District 3 (Dover Shores, Mariner’s Mile)
Running against Rush Hill
Name: Edward Reno
How long have you lived in Newport Beach: More than 10 years
Occupation: national director of government affairs - Allergan Inc.
Previously elected or appointed positions: commissioner, California Department of Boating and Waterways; member, city of Newport Beach Environmental Quality Affairs Citizen Committee
Community organizations you belong to: board member, OC marathon, board member, Orange County Boy Scouts, board member, Orange County Business Council
What do you think are the biggest issues facing Newport Beach right now?
The upcoming re-negotiation of the airport settlement agreement in 2015. The continued need for funds for bay dredging and its general health. The need for more and improved youth sports fields. The opportunities to revitalize areas of our city such as Mariner’s Mile and Lido Village. The continuing impact of the economy on our city’s fiscal state.
With the John Wayne Airport Settlement Agreement up for renegotiation in 2015, what should the city ask for to limit the environmental impacts to Newport Beach residents?
We should ask for a continuance of the current agreement limiting the amount of passengers flying into and out of JWA and a continued enforcement of the curfew limiting planes from flying in the middle of the night. Additionally, we should ask for a prohibition on the noisiest models of airplanes.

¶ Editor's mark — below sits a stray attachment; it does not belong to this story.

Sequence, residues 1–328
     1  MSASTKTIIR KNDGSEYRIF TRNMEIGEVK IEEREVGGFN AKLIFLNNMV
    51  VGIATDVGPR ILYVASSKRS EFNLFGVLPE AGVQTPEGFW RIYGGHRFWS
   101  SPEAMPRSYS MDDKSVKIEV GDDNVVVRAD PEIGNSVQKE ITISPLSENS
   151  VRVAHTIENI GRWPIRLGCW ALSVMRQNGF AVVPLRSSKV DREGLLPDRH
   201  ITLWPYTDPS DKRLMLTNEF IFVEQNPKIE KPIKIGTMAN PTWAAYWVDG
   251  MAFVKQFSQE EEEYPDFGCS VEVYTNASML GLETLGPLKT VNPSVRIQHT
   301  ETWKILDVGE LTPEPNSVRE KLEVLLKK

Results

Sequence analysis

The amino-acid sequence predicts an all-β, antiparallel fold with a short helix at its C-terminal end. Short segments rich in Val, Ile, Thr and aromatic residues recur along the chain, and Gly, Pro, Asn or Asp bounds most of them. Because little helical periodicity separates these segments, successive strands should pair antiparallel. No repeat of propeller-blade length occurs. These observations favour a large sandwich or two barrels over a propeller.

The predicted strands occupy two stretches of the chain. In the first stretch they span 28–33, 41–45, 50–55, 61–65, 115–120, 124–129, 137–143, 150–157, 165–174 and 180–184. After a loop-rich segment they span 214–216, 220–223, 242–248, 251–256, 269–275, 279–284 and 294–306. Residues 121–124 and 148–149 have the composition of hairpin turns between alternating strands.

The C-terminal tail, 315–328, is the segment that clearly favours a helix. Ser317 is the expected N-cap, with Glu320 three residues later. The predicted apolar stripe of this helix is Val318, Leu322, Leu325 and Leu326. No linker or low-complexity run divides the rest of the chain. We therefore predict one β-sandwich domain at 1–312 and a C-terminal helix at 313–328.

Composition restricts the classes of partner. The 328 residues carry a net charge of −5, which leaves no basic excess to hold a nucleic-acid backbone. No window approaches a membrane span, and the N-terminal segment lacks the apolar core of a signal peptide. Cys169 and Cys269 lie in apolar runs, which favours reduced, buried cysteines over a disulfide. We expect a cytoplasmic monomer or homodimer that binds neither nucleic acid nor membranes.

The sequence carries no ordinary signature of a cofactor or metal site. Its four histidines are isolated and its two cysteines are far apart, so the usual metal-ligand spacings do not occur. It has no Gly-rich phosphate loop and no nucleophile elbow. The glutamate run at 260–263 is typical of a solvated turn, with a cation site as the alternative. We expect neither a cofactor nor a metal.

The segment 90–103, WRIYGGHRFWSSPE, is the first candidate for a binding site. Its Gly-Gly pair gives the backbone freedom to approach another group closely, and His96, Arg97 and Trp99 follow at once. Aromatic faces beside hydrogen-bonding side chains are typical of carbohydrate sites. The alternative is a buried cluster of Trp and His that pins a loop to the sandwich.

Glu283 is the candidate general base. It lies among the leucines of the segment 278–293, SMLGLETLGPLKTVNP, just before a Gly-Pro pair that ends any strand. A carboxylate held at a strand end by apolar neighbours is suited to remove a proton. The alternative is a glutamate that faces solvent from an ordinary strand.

As the lead lobbyist for a multi-national company headquartered here in Orange County, I work in Washington D.C. frequently. As a council member I will bring a unique and unparalleled ability to advocate and educate as to why the settlement agreement needs to be continued. Working in harmony with the citizen organizations and residents of Newport Beach and other cities affected by the airport, I will bring my ability to access and influence the Federal Aviation Administration and those its leadership looks to for guidance so that the settlement agreement remains and our quality of life is protected.
How do you envision the future of Banning Ranch, and what should the city do to accomplish that?
I believe that after many years the time has come to proceed with a plan to recycle Banning Ranch. The current state of Banning Ranch is not acceptable. It needs to be rehabilitated environmentally after the many years of oil well operations and the public should finally be provided access to it.
We have found that the property will cost a significant of amount money to acquire and rehabilitate and that those who would like to preserve the property in its entirety as open space have consistently come up short of funds to do so. I would counsel that the city call on all parties interested in a conservancy approach to the Banning Ranch property show the funding to do so now.
However, if they cannot present the funding mechanisms to acquire the land at a value that is consistent with fair market value then I believe that we should authorize the other plan on the table. This plan provides for a full 70% of Banning Ranch to remain open space and accessible to the public. The remaining 30% of Banning Ranch would be thoughtfully and respectfully developed to harmonize with the west Newport community. Additionally, the developers have committed to rehabilitating the open space and supporting its sustainability for the future.
Either way I believe we must move forward now.